ISCED-F fields of study

With the revision of ISCED 1997 in ISCED 2011, it was agreed that the fields of education should be examined in a separate process establishing an independent but related classification called the ISCED Fields of Education and Training (ISCED-F). ISCED-F classifies education programmes and related qualifications by field of study. Fields of educations are defined as a subject taught in an education programme. The ISCED-F field of study refers mainly to fields of higher education. There are 25 fields of study organised in broad groups. Each group carries a number and this coding is used by UNESCO, OECD, Eurostat and the national statistical authorities within the EU. Although only the first two digits (the one-digit code is the broad field and the two-digit code is the narrow field) are used for international data collection, the fields of education and training manual released in 1999 (currently applicable within the UOE data collection) uses a three-digit code in a hierarchical system for classifying fields of education based on the two-digit level of ISCED 97.

Concepts

An online glossary of education statistics is available.

Formal education

Formal education is institutionalised, intentional and planned and provided by public organisations and recognised private bodies. It consists primarily of initial education designed for children and young people before their first entry to the labour market. It also includes other types of education such as vocational, special needs and adult education provided they are recognised as part of the formal education system by the relevant national education authorities.

Early childhood education

Programmes at ISCED level 0, or early childhood education, are typically designed with a holistic approach to support children’s early cognitive, physical, social and emotional development and introduce young children to organized instruction outside of the family context. ISCED level 0 refers to early childhood programmes that have an intentional education component. These programmes aim to develop socio-emotional skills necessary for participation in school and society. They also develop some of the skills needed for academic readiness and prepare children for entry into primary education.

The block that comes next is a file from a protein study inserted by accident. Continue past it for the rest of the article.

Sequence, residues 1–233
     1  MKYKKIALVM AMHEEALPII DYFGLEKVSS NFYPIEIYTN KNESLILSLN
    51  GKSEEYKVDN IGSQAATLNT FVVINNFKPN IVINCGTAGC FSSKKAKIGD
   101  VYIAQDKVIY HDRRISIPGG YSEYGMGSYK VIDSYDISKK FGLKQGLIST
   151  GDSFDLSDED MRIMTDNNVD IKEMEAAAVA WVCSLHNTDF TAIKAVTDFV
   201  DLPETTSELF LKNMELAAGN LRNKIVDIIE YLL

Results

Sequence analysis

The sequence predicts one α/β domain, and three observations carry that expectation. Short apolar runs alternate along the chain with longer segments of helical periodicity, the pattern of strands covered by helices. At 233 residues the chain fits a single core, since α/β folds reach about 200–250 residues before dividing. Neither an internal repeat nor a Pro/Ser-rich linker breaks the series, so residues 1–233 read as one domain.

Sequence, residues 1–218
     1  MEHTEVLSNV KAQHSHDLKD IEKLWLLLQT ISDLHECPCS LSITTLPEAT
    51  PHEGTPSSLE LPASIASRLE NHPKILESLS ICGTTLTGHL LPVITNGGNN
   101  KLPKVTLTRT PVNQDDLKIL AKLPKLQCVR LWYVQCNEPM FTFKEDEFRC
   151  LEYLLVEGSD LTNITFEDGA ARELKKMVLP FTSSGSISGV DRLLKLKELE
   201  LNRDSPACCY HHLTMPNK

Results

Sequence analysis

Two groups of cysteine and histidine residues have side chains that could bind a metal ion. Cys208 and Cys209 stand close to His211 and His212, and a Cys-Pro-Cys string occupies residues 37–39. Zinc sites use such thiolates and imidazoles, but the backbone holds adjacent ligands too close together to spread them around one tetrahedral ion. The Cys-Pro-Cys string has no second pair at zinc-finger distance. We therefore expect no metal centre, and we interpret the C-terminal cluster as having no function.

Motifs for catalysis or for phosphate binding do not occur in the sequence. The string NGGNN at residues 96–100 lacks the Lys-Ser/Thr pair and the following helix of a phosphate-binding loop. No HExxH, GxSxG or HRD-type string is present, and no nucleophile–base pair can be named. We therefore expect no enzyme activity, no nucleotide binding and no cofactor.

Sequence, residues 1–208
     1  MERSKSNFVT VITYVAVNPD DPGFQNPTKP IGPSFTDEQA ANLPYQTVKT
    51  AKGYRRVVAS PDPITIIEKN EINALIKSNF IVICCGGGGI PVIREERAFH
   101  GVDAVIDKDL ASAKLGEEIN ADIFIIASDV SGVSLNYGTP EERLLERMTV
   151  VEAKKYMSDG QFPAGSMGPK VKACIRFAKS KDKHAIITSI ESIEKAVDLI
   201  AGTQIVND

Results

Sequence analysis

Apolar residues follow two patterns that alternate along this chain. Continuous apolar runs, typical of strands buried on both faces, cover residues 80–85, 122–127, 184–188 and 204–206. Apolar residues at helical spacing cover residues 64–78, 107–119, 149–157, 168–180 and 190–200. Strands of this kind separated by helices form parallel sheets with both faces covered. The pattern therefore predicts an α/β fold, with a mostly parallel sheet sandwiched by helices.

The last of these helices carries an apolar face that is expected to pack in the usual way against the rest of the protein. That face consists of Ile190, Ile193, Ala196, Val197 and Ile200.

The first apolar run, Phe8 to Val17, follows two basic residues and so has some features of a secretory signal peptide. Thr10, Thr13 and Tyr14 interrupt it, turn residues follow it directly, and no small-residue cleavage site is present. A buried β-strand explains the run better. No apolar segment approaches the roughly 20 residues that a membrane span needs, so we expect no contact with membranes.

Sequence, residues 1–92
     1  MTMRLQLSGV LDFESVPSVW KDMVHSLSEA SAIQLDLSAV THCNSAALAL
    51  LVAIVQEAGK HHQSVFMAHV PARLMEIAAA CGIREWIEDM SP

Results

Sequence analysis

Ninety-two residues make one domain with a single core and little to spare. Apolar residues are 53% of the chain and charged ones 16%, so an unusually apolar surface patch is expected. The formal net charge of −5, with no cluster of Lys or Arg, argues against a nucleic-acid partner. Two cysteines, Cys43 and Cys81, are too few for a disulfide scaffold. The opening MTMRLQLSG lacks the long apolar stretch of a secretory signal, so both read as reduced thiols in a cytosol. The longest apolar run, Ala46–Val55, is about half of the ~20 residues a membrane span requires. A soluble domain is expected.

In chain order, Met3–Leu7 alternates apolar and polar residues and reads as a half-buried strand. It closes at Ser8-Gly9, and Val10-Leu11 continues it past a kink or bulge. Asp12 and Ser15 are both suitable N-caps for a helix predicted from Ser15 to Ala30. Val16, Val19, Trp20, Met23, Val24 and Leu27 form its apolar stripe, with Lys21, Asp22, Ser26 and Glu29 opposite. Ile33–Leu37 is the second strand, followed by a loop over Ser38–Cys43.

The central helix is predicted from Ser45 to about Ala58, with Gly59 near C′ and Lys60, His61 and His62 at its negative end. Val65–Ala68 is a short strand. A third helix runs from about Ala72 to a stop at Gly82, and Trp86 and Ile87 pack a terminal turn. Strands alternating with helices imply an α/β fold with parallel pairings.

There are two categories of ISCED level 0 programmes: early childhood educational development and pre-primary education. The former has educational content designed for younger children (in the age range of 0 to 2 years), whilst the latter is designed for children from age 3 years to the start of primary education.

Initial and adult education

Initial education is the education of individuals before their first entrance to the labour market, in other words when they will normally be in full-time education. It thus targets individuals who are regarded as children, youth and young adults by their society. It typically takes place in educational institutions in a system designed as a continuous educational pathway. Adult education is specifically targeted at individuals who are regarded as adults by their society to improve their technical or professional qualifications, further develop their abilities, enrich their knowledge with the purpose to complete a level of formal education, or to acquire, refresh or update their knowledge, skills and competencies in a particular field. This also includes what may be referred to as ‘continuing education’, ‘recurrent education’ or ‘second chance education’. In most countries adult education is not recognised as part of the formal education system and should therefore be excluded from the UOE data collection. Formal adult education programmes included in the UOE data collection may be designed as second chance programmes for youth or adults and offered in the same or similar formal settings as initial education. They do not have the same typical entry age as equivalent programmes in initial education and may have a different, usually shorter, duration. Formal adult education programmes should be assigned to the most appropriate ISCED levels. They should not be treated as a separate level of education.

Programme and level completion/attainment

Successful completion of an education programme is the achievement of the learning objectives of the programme typically validated through the assessment of acquired knowledge, skills and competencies. Successful completion of a programme is usually documented by the award of an educational qualification.

Completion of an ISCED level is the successful completion of an education programme sufficient for level completion.

Educational institutions